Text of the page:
"Ladies and gentlemen of the jury, the defendant has not taken the stand, and under our law a defendant cannot be compelled to testify. That is, the state could not call the defendant to testify in this case. So that under our law, he cannot be compelled to testify. He is

[9 NJSuper Page 54]

competent however to testify, and he has a right if he so desires to testify. His failure to be a witness in his own behalf raises no presumption of guilt. But if facts are testified which concern the acts of the particular defendant, which he could by his oath deny, his failure to testify in his own behalf raises a strong presumption that he could not truthfully deny those facts. That means, ladies and gentlemen of the jury, and I so charge you, that if these are any acts which have been testified to by the state that the defendant could deny upon the stand, that is his acts, testified as having been done by him, that if he could truthfully deny those acts, his failure to testify raises a strong presumption that he could not truthfully deny those facts."

Defendant relies upon the case of State v. Friedman , 136 N.J.L. 527 (E. & A. 1948). In the Friedman case , the defendant did not testify in his own behalf and, in commenting thereon, the court charged the jury as follows:

"The defendant chose not to take the witness stand. A defendant in a criminal proceeding may testify in his own behalf if he so desires though he cannot be compelled to be a witness against himself, but when the accused is upon trial and the evidence tends to establish facts, which if true would be conclusive of his guilt of the charge against him and he can disprove them by his own oath as a witness if the facts be not true, then his silence would justify a strong inference that he could not deny the charge."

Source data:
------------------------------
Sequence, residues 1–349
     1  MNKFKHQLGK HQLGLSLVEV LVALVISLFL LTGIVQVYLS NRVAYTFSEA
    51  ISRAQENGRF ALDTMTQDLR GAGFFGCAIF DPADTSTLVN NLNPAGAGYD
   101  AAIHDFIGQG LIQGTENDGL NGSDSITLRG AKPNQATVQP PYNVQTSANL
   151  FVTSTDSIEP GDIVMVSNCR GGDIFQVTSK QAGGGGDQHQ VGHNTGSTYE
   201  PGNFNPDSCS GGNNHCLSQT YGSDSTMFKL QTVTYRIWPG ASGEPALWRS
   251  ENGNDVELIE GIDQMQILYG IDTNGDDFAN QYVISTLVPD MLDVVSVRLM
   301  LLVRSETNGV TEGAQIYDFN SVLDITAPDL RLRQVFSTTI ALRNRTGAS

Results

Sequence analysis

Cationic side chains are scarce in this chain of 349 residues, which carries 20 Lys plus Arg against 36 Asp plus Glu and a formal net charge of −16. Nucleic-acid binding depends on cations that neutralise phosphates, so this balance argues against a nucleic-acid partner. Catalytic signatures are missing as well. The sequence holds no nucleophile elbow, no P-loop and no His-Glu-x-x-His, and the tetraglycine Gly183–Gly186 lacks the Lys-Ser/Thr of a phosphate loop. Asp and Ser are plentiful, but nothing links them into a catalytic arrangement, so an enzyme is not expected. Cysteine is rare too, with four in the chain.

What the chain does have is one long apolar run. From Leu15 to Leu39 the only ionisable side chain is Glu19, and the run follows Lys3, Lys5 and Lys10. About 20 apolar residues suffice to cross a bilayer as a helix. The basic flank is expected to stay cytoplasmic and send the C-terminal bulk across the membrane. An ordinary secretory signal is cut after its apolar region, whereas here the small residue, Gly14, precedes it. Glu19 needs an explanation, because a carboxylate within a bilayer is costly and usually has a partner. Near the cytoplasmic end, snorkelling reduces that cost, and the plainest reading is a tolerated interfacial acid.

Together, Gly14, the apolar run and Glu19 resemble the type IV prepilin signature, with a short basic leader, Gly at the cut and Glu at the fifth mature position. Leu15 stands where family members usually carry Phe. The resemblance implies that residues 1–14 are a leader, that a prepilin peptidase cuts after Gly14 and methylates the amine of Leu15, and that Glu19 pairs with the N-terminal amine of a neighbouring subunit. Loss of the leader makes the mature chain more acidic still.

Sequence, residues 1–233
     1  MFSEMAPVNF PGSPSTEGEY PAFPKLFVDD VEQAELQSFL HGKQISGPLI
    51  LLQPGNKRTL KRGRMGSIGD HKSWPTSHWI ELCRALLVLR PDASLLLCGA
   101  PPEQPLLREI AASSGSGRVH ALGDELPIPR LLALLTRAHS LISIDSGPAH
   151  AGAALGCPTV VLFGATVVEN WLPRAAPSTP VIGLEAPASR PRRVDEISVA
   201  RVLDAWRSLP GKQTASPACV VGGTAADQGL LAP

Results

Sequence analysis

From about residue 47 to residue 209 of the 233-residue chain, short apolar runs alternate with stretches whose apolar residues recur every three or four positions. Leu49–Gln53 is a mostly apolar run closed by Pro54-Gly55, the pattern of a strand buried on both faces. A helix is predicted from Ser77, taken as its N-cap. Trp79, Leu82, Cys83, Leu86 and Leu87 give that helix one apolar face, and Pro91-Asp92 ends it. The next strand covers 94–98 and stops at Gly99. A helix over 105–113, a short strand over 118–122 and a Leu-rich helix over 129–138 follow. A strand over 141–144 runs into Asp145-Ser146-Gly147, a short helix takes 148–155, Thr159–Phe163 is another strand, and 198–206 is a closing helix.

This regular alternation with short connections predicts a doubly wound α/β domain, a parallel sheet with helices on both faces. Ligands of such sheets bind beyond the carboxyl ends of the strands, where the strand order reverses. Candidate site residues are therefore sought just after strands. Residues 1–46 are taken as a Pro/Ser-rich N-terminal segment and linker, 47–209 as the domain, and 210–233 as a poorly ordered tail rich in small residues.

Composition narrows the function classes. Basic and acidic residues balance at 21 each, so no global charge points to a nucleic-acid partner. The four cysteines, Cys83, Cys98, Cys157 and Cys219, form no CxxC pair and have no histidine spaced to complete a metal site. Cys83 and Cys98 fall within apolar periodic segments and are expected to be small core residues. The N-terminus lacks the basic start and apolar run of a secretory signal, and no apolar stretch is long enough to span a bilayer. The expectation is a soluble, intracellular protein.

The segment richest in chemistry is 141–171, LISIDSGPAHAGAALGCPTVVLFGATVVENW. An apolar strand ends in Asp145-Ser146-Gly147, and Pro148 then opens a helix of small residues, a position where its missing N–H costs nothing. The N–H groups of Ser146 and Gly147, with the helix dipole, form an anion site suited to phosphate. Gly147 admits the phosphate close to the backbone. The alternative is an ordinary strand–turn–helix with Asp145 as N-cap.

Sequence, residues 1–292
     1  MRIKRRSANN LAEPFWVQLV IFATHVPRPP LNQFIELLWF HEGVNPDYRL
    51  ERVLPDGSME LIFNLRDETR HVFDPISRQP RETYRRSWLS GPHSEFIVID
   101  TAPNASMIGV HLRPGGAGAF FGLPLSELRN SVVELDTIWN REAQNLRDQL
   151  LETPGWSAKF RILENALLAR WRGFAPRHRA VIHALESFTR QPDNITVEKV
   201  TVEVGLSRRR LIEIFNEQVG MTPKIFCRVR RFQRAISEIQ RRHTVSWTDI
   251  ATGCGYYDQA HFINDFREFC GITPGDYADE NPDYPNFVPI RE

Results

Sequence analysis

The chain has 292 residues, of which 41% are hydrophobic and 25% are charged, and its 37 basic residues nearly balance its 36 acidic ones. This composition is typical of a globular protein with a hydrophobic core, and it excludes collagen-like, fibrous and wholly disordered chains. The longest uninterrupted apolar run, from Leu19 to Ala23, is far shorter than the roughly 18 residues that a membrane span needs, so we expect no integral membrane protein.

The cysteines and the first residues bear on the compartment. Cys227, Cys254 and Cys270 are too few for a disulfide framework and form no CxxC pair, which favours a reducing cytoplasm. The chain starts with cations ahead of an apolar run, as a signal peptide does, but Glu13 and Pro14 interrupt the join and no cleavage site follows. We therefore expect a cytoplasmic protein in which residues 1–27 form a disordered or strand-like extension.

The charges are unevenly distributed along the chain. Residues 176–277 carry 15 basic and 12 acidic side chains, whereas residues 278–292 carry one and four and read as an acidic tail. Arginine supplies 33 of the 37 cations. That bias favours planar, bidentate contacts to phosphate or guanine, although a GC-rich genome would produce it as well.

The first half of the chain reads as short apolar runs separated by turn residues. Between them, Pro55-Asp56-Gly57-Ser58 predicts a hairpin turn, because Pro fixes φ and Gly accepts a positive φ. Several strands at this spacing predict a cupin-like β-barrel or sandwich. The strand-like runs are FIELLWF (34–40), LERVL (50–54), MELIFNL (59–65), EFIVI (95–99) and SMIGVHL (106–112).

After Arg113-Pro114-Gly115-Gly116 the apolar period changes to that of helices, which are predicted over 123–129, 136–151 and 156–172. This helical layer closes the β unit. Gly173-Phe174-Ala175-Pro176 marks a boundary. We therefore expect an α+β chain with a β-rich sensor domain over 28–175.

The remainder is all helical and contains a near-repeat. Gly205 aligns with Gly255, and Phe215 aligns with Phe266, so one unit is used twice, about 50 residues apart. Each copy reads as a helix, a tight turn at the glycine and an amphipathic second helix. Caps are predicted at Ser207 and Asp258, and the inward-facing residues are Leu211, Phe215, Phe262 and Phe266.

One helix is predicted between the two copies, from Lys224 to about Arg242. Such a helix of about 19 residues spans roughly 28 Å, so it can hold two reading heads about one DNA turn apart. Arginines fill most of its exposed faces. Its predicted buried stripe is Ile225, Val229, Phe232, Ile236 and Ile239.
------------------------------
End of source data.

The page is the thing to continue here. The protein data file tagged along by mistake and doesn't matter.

The Court of Errors and Appeals held that the State did not produce any direct evidence of acts inculpating the defendant which he could have denied; that the State's evidence was merely circumstantial; therefore, its charge, under the circumstances, was erroneous, holding that:

"* * * there is a distinction between that situation and one when the evidence is merely circumstantial from which the jury may draw an inference of the defendant's guilt of the charge. The defendant could only meet such a possible inference by a general denial of the charge. This he does not have to do and therefore he cannot be criticised for such refusal. It is only when there is proof that he has specific knowledge of facts directly charging and making out his guilt that he is so criticisable, and under such circumstances the proper charge is that where facts are testified to concerning the acts of the defendant which would be conclusive of his guilt and which he could, under oath, deny and controvert, his failure to testify in his own behalf raises a strong presumption that he could not deny those facts."

[9 NJSuper Page 55]

In the case sub judice , the evidence adduced by the State embraced inculpatory facts concerning defendant's conduct, which, if untrue, the defendant could have taken the stand and denied. For instance, the defendant could have denied that the slips were his property; that they were in his possession while conscious; or that he had any knowledge of their unlawful character. He chose, however, as was his right, not to take the stand to refute any of the inculpatory testimony elicited from the State's witnesses. Under such circumstances, the court properly commented on his failure to take the stand. State v. Friedman, supra; Cf. State v. Gimbel , 107 N.J.L. 235 (E. & A. 1930).

The judgment of conviction is affirmed.

19500728